Mind you, Slingerland is a professor of philosophy. That centers his lens on why people do things — not whether or not we should do them. He’s not in the business of unraveling all the ills of alcohol (though doesn’t hesitate to acknowledge them). Instead, he’s keen to shine a light on how intoxication, and our pursuit of it, is woven into the very nature of human history. He argues it is actually part of our evolution, not an accidental hindrance.

Whether consciously or not, we’re driven to drink to ignite creativity, bolster social ties, and make meaning by way of ritual. Slingerland writes, “Our ability to think outside the box is enhanced by one or two drinks.” Where we need to watch out is of course when we blow right through one or two, reach for the bottle every day, or hit the point where cocktail hour stops delivering functional benefits and instead becomes a release valve to fuel addiction or ease a bigger ache (loneliness, depression, a disassociated sense of self).

It seems my dualistic love/hate approach to alcohol is softening, maybe even expiring. I have no plans to renounce delicious wine but I also know I need to keep a close eye on my level of comfort with it. Though I trend toward praising abstinence and scorning excess, it feels shortsighted to reward myself for drinking little without understanding with compassion and realism what compels me (or anyone) to drink more.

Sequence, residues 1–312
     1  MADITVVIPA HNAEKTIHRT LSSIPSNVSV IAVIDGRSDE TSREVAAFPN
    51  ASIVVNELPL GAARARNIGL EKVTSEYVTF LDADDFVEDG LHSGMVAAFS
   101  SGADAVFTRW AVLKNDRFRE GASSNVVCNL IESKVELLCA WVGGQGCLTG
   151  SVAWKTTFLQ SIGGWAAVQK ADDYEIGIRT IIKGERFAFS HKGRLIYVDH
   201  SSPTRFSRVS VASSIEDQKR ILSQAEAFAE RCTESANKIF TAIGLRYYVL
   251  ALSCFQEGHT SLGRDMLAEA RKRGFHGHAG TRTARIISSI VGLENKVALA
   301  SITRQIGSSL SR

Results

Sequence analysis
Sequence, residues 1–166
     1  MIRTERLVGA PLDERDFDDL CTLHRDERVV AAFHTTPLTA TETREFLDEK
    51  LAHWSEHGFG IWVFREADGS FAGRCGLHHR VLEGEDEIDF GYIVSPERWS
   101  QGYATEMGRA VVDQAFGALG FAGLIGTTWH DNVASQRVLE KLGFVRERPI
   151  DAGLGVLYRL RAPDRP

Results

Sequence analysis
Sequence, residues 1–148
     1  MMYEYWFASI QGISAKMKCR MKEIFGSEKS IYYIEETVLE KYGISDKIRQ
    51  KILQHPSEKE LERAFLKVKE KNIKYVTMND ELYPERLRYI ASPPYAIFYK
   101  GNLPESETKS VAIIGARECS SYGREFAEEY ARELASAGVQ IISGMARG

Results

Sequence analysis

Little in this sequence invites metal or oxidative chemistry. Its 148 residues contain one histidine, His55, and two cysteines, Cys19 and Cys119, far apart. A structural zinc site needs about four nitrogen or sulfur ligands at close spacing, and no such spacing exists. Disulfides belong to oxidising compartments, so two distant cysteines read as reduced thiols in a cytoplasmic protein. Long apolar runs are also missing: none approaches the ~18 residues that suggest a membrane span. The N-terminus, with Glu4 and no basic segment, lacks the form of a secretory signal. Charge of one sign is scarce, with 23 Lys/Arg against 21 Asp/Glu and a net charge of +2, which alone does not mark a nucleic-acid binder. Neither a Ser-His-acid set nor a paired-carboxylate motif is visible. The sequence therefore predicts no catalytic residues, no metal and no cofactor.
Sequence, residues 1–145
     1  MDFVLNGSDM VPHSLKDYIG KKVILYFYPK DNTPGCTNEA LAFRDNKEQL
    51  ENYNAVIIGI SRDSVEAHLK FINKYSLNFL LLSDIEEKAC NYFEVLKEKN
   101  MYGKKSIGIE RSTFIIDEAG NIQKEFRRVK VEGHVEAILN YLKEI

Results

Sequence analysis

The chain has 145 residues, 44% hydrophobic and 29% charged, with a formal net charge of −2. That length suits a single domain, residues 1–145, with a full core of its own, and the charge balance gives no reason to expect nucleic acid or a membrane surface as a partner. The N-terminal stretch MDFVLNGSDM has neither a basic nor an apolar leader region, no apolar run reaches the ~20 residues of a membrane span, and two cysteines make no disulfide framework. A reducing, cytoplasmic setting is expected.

I thank age and mindfulness — and the insight both produce — for that shift. As science keeps revealing, the latter can alter our behavior in far more meaningful and lasting ways than the old fashioned (and arguably outdated) brawn of sheer will power. I also thank Edward Slingerland, whose sharp historical takes and more nuanced looks at why alcohol is so woven into human behavior have enriched my self-understanding.

As he writes, and as we all know, the love of drink is here to stay, as are the risks we each swallow every time we imbibe. I suspect most of us keep this pairing of truths running in the back of our brains. Perhaps if we pushed the intricacies into the forefront, beer in hand or no, we’d evolve our relationship with booze. Cheers to that possibility.



Kate Green Tripp

Writer / Editor / Strategist. Comms Director, Stanford Impact Labs. I chase ideas & shape stories about science, society & innovation. Mostly, I belong outside.